Meet the Saudi tour guides bringing Diriyah’s past to life

Tour guide Manal Al-Qahtani. (Supplied)
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Tour guide Manal Al-Qahtani. (Supplied)
Mohammed Ahmed Al-Salem, a senior tour guide originally from Diriyah. (Supplied)
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Mohammed Ahmed Al-Salem, a senior tour guide originally from Diriyah. (Supplied)
Diriyah tour guide Najla Aldrees. (Supplied)
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Diriyah tour guide Najla Aldrees. (Supplied)
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Updated 22 September 2021

Meet the Saudi tour guides bringing Diriyah’s past to life

Meet the Saudi tour guides bringing Diriyah’s past to life
  • ‘Diriyah means history, the beginning of the Kingdom. But it is also about the future, learning and Vision 2030,’ says Manal Al-Qahtani

RIYADH: Lined up in front of the historic Salwa palace, 28 young Saudi tour guides stand ready to tell the story of their ancestors’ courageous fight against the Ottoman invaders, a valiant struggle that laid the groundwork for today’s Kingdom.

“I would like to showcase the determination and persistence of the people of Diriyah,” Mohammed Ahmed Al-Salem said, pointing to the ancient walls of the palace with pride.

The Diriyah guides say they are not only offering tours of the historic site, but are also keeping the stories of their ancestors alive.

“I don’t feel that I am only a tour guide or senior tourist guide, I am actually representing my country and its history,” senior tour guide Manal Al-Qahtani told Arab News.

“I am an ambassador here in Diriyah, serving my country.”

Surprisingly, Al-Qahtani never saw herself working as a tour guide, but during training she quickly fell in love with the role and the sector. After spending more than two years completing courses in hospitality, history and tourism, she is now one of Diriyah’s most experienced tour guides and is proud to represent her country.

The tour guides of Turaif explain the Kingdom’s history, ranging from the early Al-Saud settlement in 1446 to the dramatic siege and destruction of Diriyah in 1818.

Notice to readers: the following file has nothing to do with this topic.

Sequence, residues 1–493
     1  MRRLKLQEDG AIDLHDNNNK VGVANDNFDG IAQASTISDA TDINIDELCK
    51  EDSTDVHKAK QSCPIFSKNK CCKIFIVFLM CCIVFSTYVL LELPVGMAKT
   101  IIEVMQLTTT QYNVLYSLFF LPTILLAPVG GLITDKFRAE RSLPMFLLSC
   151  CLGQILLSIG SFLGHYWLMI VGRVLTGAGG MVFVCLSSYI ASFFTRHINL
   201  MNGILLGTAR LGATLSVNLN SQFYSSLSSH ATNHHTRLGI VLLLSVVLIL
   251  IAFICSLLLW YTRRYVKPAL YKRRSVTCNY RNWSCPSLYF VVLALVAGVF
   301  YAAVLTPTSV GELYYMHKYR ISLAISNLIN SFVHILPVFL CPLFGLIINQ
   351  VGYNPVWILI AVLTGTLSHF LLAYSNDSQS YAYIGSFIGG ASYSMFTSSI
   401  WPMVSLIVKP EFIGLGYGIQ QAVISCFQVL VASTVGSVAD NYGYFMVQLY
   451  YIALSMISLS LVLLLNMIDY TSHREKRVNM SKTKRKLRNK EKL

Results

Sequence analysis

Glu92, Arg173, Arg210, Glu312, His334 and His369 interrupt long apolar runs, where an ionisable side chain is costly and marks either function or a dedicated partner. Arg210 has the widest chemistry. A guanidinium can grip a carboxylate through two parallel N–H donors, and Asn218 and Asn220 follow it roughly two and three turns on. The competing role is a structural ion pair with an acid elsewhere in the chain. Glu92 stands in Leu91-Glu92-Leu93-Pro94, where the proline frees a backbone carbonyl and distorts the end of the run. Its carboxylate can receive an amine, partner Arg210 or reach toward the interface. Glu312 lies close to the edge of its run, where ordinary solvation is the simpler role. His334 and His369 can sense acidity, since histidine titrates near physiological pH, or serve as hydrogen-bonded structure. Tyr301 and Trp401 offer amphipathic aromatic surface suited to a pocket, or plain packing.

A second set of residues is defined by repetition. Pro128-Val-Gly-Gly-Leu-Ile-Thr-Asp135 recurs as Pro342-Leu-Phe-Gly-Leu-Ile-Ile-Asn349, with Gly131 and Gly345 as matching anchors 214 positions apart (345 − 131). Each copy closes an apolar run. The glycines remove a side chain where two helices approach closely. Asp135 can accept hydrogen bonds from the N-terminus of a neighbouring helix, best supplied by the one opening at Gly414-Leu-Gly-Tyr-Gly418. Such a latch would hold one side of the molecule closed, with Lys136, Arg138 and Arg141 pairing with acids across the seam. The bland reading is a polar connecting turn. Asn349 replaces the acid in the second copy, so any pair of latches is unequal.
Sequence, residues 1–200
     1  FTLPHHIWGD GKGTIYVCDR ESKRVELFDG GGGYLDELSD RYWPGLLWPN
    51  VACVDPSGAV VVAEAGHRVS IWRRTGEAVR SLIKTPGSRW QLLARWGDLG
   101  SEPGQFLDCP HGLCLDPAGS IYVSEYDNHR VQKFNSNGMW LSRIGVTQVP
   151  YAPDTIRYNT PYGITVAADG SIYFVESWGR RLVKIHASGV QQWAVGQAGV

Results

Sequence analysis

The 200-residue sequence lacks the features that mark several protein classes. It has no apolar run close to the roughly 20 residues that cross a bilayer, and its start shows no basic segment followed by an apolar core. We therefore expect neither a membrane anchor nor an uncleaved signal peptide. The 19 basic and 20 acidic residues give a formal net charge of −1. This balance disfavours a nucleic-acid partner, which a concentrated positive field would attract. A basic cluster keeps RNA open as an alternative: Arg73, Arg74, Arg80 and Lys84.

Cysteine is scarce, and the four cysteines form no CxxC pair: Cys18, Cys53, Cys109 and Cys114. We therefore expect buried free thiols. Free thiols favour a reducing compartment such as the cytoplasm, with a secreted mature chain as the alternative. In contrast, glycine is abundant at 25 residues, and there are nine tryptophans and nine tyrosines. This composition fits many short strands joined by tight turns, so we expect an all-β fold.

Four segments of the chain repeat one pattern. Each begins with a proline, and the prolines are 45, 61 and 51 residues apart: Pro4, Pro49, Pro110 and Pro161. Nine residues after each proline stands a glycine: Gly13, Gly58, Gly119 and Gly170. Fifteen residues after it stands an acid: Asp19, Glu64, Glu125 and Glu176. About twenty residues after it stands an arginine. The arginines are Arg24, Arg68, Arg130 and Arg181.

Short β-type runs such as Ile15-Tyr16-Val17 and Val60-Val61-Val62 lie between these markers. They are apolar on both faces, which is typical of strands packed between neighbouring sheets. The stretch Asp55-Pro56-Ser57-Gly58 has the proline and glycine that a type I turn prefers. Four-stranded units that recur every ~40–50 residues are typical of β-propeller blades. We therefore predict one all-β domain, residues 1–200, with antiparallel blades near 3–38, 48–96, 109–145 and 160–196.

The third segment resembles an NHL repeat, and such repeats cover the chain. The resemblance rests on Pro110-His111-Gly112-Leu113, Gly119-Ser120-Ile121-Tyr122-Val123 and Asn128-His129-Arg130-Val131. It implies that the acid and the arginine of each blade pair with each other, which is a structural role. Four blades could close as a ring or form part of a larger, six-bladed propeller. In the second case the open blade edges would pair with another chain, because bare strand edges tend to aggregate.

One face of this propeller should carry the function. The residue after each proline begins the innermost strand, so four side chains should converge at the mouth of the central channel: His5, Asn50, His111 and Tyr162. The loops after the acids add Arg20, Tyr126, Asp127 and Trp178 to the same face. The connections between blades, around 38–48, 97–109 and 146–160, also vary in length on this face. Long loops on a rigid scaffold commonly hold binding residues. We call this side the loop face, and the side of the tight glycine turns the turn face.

The past speaks through these young and passionate guides, who not only provide tours of the historic site, but also tell the stories of their ancestors. These include tales of bravery and integrity such as the six-month resistance led by Imam Abdullah, the last ruler of the first Saudi state from 1814 to 1818.

Mohammed Ahmed Al-Salem, a senior tour guide originally from Diriyah, said that he is proud to be working in the place of his ancestors.

“I feel like I have a huge role here. Working in our hometown is something that makes you feel proud.”

The tour guides embody the Kingdom’s history and heritage, preserving the stories of Saudi Arabia and ensuring the country’s history will never die.

“It’s amazing to be able to explain your own history to your people and also to tourists. I think there is a lot to tell about Saudi Arabia,” Al-Salem said.

The guides complete an intensive training program on the Kingdom’s history, archaeology and hospitality to prepare for their role.


Diriyah tours are conducted in Arabic, English, French, Spanish, Korean, Urdu and sign language

Training can last months or even years, but every tour guide is eager to learn even after they finish courses supplied by the Diriyah Gate ‍Development Authority.

Tour guides fill notebooks with information from training sessions as they are taught about the Kingdom's origins. Facts and figures are also memorized to be recited as they highlight key events in the nation's past.

The guides aim to make access to the Kingdom's history as inclusive as possible, with many learning languages to ensure they can convey the history to multiple nationalities.

Tours are conducted in English, Arabic, Korean, Spanish, Urdu and Italian.

“We have even started a course in sign language so we can help the different kinds of people here,” tour guide Najla Aldrees said.

Women make up 21 of the 28 tour guides, a visible example of Vision 2030 initiatives. Visitors and tourists can see the large number of women not only leading tours but also serving at the highest level of hospitality in the Kingdom.

“I’m deeply proud to be one of the women who work here in Diriyah,” said Al-Qahtani, commenting on the vast changes that have taken place in Saudi Arabia under the Vision 2030 reform program.

“It’s a representation of the Kingdom's support.” 

Tour guides play a crucial role in teaching Saudis and international visitors the history and culture that paved the way for today's Saudi Arabia. 

Visitors to Diriyah can see the passion behind the work that goes into these tours. It is not a  “clock in and out” job for these guides but an ambassadorship filled with responsibility that empowers them to share the history of the Kingdom with Saudis and visiting tourists.

“We are showing our history, especially Najd history. We are presenting our country, our authentic origins and our culture,” Al-Qahtani said.

The UNESCO World Heritage site in Diriyah is known for its eye-catching mud-brick palaces that are home to more than 300 years of the Kingdom’s rich history.

But the past comes to life as the tour guides create a sense of adventure at each location, with anecdotes that transform the birthplace of the Kingdom into an unrivalled experience. 

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